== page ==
JFrame frame = new JFrame("First JTree");
 Container cp = frame.getContentPane();

 DefaultMutableTreeNode Node = new DefaultMutableTreeNode("Top Level");
 DefaultTreeModel Behind = new DefaultTreeModel(Node);

 for (int i=0; i<DataSample.length; i++) {
  DefaultMutableTreeNode Kid = new DefaultMutableTreeNode(DataSample[0]);
  Behind.insertNodeInto(Kid,Node,i);
  for (int j=1; j<DataSample.length; j++) {
   DefaultMutableTreeNode GKid = new DefaultMutableTreeNode(DataSample[j]);
   Behind.insertNodeInto(GKid,Kid,j-1);
   }
  }

 JTree simple = new JTree(Behind);
 cp.add(simple);
 frame.setSize(180,290);
 frame.setVisible(true);

 }
}



You'll note that the default classes are doing a lot of work for you here; if you add Children to a node, then the Icon changes from a "file" Icon to a directory Icon, and the opening and closing of the "directories" is all taken care of for you too.

Further methods are available to allow you to change the icons in use, to select whether or not multiple branches can be open at the same time, and so forth.

By default, the text displayed alongside each Object is the result of running the "toString" method on that Object, so that information can be changed as the application is run and the JTree is refreshed. If you write a TreeCellRenderer, you can change this default behaviour.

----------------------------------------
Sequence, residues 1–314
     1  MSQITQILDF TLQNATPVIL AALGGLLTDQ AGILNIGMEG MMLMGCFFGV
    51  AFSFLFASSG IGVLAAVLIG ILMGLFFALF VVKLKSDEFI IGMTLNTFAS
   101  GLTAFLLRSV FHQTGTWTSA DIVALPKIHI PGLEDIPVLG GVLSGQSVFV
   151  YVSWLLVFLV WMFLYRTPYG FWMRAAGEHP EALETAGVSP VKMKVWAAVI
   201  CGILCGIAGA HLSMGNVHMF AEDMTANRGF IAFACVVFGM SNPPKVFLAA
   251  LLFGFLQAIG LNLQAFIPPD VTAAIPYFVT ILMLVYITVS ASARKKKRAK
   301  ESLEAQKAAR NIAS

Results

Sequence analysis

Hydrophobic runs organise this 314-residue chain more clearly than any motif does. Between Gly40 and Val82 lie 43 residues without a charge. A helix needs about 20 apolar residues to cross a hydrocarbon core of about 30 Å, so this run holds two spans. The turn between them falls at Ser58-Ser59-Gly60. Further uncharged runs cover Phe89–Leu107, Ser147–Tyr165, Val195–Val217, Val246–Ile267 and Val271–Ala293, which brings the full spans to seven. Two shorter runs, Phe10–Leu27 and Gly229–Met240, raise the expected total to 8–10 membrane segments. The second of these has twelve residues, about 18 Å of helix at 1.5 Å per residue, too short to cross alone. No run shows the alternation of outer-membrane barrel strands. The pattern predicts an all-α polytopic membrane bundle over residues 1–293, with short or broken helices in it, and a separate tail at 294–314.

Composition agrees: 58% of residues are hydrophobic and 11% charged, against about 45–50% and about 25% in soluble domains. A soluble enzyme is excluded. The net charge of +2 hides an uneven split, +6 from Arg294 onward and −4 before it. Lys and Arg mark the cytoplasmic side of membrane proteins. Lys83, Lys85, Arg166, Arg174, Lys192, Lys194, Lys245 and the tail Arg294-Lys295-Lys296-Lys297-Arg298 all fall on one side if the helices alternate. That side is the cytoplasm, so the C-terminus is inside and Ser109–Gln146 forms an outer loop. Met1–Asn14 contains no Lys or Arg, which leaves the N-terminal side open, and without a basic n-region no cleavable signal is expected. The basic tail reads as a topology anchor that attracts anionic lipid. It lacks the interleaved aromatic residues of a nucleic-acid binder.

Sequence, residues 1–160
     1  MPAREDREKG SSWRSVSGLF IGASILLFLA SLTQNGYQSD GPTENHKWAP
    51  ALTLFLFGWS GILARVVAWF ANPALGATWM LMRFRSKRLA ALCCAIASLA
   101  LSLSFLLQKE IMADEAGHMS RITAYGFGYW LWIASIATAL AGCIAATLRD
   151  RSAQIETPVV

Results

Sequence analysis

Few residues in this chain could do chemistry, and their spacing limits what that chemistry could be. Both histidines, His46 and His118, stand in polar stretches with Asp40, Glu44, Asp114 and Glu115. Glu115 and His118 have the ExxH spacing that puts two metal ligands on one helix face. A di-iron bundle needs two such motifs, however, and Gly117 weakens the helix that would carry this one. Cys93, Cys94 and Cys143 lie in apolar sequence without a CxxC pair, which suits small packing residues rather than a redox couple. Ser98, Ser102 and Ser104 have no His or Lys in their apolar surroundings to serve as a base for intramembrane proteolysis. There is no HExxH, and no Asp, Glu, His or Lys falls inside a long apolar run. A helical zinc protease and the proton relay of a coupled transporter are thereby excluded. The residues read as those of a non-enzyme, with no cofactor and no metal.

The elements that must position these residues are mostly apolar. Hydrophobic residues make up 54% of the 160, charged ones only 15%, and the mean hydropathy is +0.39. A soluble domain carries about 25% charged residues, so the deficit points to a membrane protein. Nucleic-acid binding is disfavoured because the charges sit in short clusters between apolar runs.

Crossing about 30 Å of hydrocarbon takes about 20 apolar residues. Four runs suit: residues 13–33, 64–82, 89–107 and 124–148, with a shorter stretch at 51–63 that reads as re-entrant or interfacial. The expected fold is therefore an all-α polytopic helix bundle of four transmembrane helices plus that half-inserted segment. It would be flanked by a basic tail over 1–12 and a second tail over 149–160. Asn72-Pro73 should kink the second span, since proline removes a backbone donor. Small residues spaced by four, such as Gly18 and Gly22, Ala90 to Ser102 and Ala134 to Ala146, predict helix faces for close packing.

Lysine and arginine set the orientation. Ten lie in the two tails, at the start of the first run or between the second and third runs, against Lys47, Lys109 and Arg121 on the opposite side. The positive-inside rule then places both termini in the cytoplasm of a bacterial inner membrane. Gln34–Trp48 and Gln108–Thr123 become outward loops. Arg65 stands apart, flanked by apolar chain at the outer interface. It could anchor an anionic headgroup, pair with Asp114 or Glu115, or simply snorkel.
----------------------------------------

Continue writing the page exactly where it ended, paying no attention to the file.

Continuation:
Since the JTree can shrink and grow in height, it's likely that you'll want to include it in a JScrollPane component so that you don't start loosing vital branches and leaves off the bottom of your window.

And you'll also want to be adding event handling so that you can make use of your JTree for making selections.

To finish off this introduction to the JTree, here's an example that selects all the image files (.gif and .jpgs) in subdirectories of a directory named on the command line, and offers them in a tree. To keep the code simpler, all our application does with the selections is display them in a Text area, but this application could be extended to give you details of each of the images you select, a "thumbnail", and much more.

How does it run? ...


import java.io.*;
import java.awt.*;
import java.util.*;
import javax.swing.*;
import javax.swing.tree.*;
import javax.swing.event.*;

// Complete example of JTree to explore images held in subdirectories
// of a given base directory

public class ImageExplorer extends JPanel {

static Vector Selected;
static TextArea Display;

public static void main (String [] args) {

 Selected = new Vector();

 JFrame frame = new JFrame("Image Explorer");
 Container cp = frame.getContentPane();
 cp.setLayout(new GridLayout(1,2));

 DefaultMutableTreeNode Node = new DefaultMutableTreeNode(args[0]);
 DefaultTreeModel Behind = new DefaultTreeModel(Node);

 String [] Directories = (new File(args[0])).list();
 int level1 = 0;

 for (int i=0; i<Directories.length; i++) {
  File CurrentDir = new File(args[0] + "/" + Directories);
  if (CurrentDir.isDirectory()) {
  DefaultMutableTreeNode Kid = new DefaultMutableTreeNode(Directories);